Family Separation, Migration Status and Everyday Security: Experiences and Strategies of Vulnerable Migrants
Academy of Finland, 2018-2021
Project director: Senior Researcher, Docent Marja Tiilikainen
The project examines the impact of a more stringent immigration policy on the experience and organisation of everyday security among vulnerable immigrants and their transnational families and consists of three sub-projects:
Johanna Hiitola’s project “Separated from the Family: The Construction of Everyday Life in Isolation from Family Members” examines how Finland’s tightened legislation on family reunification affects the family life of migrants with refugee background. Her aim is to find out what strategies people from Afghanistan, Iraq and Somalia develop in their efforts to bring their family members to Finland. The study shows how migrants can cope in a situation where family separation continues for a long time and how this separation affects the feeling of everyday security of adult and underage migrants. Hiitola also examines what kind of networks and meaningful relationships migrants create in Finland in the absence of close relatives. The focus of the research is therefore on the interrelation between migration management, time and family concepts. The material is collected by interviewing both adult and underage migrants.
Abdirashid Ismail’s project “New Administration of Immigration in Finland and Cross-border Somali Immigrants: Survival Strategies and Everyday Experiences” investigates the impact of Finland’s new immigration laws and policies on the lives of asylum seekers and their families remaining in the home countries. The aim of the research is, first, to study the experiences of Somalis who are either undocumented or in a prolonged asylum seeking process and the ways they try to create security in their daily lives. Secondly, the aim is to examine the strategies they use to change their precarious immigration status. Thirdly, the project aims to examine the impact of new immigration policies in Europe, especially on the families of migrants in Finland who are in Somalia. The material is collected through interviews and ethnographic field work in Finland and Somalia.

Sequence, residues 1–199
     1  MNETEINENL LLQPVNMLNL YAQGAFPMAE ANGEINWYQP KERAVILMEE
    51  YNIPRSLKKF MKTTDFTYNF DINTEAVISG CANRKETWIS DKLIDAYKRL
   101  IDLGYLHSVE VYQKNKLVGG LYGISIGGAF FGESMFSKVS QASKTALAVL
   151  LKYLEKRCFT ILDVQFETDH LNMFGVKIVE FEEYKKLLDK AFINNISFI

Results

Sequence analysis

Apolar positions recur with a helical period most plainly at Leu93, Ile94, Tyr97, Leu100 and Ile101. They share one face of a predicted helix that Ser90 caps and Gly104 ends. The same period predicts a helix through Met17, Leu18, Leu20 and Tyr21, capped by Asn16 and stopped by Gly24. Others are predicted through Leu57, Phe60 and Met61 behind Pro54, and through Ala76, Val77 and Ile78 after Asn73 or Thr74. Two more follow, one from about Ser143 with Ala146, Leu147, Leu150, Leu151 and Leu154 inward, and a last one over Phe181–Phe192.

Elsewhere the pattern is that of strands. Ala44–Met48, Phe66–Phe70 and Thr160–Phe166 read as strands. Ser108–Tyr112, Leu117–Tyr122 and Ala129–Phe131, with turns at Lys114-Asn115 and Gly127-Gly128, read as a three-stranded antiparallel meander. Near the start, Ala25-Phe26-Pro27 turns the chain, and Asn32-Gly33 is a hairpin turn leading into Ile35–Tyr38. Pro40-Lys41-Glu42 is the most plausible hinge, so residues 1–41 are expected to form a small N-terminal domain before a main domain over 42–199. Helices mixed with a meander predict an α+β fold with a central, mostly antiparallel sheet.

The objective of Jaana Palander’s project “The Right of Asylum Seekers to Family Reunification” is to analyse, especially from a legal point of view, the possibility for foreign nationals who have come as asylum seekers to get their family members to Finland. The position of unaccompanied children wishing for a family reunification is of particular interest. The study analyses the protection provided by the law from the point of view of national law, European Union law and international human rights conventions. In addition to the requirements of family reunification legislation, the study examines the availability of counselling and legal assistance. In methodological terms, the research is based on the analysis of documents such as laws, decisions of authorities and legal practice by means of administrative and legal research. In addition, the study includes interviews with authorities and other relevant actors.
Dr. Maybritt Jill Alpes (Vrije Universiteit Amsterdam)
Professor Eleonore Kofman (Middlesex University London, UK)
Dr. Laura Hammond (SOAS University of London, UK)
Dr. Helena Wray (University of Exeter, UK)
East Africa University, Bosaso
Puntland State University
University of Hargeisa
University of Burco